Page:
Dudley was born in Napier, 21 March 1922, the oldest of three sons of Alex and Hetty Lean.
His childhood was spent in and around Hastings and he attended Hastings Central and Hastings High schools.
His favourite subject was Maths.
In 1931 the family was living in Garnett St, Hastings and on 3rd February, the day of the Hawkes Bay earthquake, Alex was away droving. Hetty and the boys had to cope with the chimney ending up in the fork of the plum tree, a cupboardful of preserves in a broken, sticky mess on the kitchen floor and the house generally in an unlivable condition. They moved into a tent in the back yard and cooked over an open fire until the damage could be repaired-a period of some weeks.
As a child he showed sporting ability, being a good athlete, rugby and cricket player and joined the amateur boxing association.
When he left school, he joined the staff of de Pelichet Mcleod, Stock and Station agents, as a clerk, using his mathematical ability. He worked for them for 21 years, excluding his time in the army in World War 2. During his teenage years, he was very involved with the Hastings Baptist church, including their Boys’ Brigade unit and cricket team.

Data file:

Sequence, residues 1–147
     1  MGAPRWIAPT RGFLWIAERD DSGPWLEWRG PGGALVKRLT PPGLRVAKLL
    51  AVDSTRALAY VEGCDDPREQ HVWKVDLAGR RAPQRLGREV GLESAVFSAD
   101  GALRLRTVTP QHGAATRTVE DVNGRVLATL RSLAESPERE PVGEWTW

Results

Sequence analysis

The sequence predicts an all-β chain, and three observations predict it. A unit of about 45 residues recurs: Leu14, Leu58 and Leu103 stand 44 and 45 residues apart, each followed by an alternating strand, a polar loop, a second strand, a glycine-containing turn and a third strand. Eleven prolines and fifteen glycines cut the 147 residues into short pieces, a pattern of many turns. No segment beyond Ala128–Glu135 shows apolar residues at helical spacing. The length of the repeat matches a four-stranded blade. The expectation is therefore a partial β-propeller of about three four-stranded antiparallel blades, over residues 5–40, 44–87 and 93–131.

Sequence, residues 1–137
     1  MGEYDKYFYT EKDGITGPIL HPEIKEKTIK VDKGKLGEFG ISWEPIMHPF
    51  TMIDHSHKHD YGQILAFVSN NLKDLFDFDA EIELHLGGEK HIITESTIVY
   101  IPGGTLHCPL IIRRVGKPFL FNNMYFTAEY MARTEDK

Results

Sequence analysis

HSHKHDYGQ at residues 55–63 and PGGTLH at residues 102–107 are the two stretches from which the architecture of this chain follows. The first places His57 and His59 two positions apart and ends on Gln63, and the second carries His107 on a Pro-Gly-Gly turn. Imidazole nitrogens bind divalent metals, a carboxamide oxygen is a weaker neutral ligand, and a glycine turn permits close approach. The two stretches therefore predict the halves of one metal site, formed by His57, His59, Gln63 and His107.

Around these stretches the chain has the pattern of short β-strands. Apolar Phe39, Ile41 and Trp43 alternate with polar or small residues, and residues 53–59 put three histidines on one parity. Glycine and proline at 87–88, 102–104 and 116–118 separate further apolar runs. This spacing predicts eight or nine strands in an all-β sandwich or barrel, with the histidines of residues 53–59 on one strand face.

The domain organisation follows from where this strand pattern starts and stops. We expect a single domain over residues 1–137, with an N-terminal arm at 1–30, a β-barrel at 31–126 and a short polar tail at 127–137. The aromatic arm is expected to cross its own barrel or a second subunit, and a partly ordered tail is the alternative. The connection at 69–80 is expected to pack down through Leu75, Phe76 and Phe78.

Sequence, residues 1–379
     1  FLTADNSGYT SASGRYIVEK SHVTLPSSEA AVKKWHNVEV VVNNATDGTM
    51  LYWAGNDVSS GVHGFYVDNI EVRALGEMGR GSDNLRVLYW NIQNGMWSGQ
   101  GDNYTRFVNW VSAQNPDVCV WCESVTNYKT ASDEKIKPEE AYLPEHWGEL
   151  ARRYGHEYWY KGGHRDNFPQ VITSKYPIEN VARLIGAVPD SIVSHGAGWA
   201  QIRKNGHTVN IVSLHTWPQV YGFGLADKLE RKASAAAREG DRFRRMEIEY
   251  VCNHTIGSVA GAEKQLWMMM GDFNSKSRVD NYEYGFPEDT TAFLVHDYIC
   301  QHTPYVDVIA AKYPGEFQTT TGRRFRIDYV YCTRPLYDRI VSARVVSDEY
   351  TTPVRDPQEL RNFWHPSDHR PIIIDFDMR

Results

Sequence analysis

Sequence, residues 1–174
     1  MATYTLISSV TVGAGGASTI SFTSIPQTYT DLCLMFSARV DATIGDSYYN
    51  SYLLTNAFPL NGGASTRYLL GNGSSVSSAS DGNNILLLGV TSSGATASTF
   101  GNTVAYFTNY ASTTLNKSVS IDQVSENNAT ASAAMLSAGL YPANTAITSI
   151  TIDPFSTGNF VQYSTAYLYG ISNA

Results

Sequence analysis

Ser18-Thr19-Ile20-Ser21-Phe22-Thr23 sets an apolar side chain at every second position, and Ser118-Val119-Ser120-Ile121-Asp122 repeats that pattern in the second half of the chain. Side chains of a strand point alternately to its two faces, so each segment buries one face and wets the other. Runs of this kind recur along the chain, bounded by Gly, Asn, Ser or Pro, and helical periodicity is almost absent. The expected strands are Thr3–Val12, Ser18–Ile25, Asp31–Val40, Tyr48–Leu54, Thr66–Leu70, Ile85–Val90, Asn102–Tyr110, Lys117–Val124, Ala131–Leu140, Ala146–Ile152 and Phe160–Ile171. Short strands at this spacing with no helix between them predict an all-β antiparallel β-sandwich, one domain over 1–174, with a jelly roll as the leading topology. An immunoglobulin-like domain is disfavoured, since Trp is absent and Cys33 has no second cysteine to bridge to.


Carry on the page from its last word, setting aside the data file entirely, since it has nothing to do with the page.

In 1941 he was called up to do 3 months basic army training at Waiouru. They travelled to Waiouru by train and as they arrived it started to snow. Their accomodation was in tents.
In December 1941 when the Japanese entered the War, he became part of the 1st Hawkes Bay Regiment and was sent to Woodville where a camp had been set up at the racecourse. So began a 59 year relationship with Woodville. While in Camp, he became friendly with one of the local lads and when they were supposed to be on all-night patrol would make their way to the mate’s home, have a good feed, bath and sleep and in the morning would catch up with their mates and return to Camp.
On another occasion, their weekend leave was cancelled at the last minute, quite unjustly according to Dudley and his Hastings mates but they left Camp and caught the train home anyway. When they arrived back at the Woodville Railway station on the Sunday night, the Military Police were wating [waiting] for the [them] and his Army record shows he was fined and given extra duties for being AWOL.
He was in camp in Woodville for 10 months, then Linton, Masterton and Waiouru. In 1943 he celebrated his 21st birthday while on final leave and sailed for New Caledonia. He was a poor sailor so it wouldn’t have been an